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Human rights, Christianity, Western tradition, Rights claims, Churches


It will come as a surprise to some human rights lawyers to learn that Christianity was a deep and enduring source of human rights and liberties in the Western legal tradition. Our elementary textbooks have long taught us that the history of human rights began in the later seventeenth and eighteenth centuries. Human rights, many of us were taught, were products of the Western Enlightenment—creations of Grotius and Pufendorf, Locke and Rousseau, Montesquieu and Voltaire, Hume and Smith, Jefferson and Madison. Rights were the mighty new weapons forged by American and French revolutionaries who fought in the name of political democracy, personal autonomy, and religious freedom against outmoded Christian conceptions of absolute monarchy, aristocratic privilege, and religious establishment. Rights were the keys forged by Western liberals to unchain society from the shackles of a millennium of the church’s oppression of society and domination of the state, and centuries of religious warfare. Human rights were the core ingredients of the new democratic constitutional experiments of the later eighteenth century forward. The only Christians to have much influence on the development of human rights, the conventional story goes, were a few early Church Fathers who decried pagan Roman persecution, a few brave medieval writers who defied papal tyranny, and a few early modern Anabaptists who debunked Catholic and Protestant persecution. But these exceptions prove the rule, according to many human rights scholars: Christianity as a whole, they argue, was an impediment to the development and expansion of human rights—doubly so in our day when religious freedom and other fundamental rights are often counterposed.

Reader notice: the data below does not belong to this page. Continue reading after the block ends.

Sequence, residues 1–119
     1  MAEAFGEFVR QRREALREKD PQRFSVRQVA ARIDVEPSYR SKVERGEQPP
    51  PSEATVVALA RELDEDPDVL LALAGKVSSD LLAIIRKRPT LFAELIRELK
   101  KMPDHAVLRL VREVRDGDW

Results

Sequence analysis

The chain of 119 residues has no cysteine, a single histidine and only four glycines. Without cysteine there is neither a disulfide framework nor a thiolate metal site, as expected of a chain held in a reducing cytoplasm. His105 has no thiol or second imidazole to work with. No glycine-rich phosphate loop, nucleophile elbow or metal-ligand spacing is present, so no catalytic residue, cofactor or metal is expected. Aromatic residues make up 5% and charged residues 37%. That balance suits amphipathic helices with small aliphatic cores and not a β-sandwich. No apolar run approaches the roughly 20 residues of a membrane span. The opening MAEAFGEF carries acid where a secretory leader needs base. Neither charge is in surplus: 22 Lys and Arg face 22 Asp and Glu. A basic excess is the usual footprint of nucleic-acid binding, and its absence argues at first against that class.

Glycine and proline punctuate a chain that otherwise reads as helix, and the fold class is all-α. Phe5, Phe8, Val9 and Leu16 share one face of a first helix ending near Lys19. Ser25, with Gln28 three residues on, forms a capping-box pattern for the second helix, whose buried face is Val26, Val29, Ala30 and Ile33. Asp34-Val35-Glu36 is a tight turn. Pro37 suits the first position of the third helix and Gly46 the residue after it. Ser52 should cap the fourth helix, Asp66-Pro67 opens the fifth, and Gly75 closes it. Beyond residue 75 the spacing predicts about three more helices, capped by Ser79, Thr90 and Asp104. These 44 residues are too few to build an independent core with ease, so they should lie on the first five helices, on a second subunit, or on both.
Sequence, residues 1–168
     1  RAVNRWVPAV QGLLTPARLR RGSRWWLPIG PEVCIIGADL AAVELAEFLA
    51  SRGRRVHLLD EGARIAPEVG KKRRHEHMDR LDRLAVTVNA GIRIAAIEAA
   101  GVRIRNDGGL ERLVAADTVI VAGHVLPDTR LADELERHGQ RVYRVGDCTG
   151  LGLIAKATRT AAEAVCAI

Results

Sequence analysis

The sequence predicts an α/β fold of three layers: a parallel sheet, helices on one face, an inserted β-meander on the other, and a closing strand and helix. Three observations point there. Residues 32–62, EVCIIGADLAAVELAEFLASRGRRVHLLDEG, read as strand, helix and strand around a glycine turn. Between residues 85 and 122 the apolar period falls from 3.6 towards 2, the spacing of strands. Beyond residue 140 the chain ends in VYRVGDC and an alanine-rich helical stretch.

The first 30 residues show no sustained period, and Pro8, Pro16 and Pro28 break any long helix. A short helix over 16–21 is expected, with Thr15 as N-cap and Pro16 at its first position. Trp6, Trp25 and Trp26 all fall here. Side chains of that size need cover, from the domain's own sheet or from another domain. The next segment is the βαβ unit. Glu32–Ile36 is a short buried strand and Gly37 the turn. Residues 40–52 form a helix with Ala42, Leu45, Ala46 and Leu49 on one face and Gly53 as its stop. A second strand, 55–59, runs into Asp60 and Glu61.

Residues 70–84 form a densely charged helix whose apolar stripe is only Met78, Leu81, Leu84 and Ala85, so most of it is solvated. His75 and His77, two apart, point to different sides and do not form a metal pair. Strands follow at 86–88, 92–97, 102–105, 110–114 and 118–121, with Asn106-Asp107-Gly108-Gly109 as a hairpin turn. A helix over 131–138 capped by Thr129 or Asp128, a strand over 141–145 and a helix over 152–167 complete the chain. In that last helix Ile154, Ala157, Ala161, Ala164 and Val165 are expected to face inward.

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The Journal of Christian Legal Thought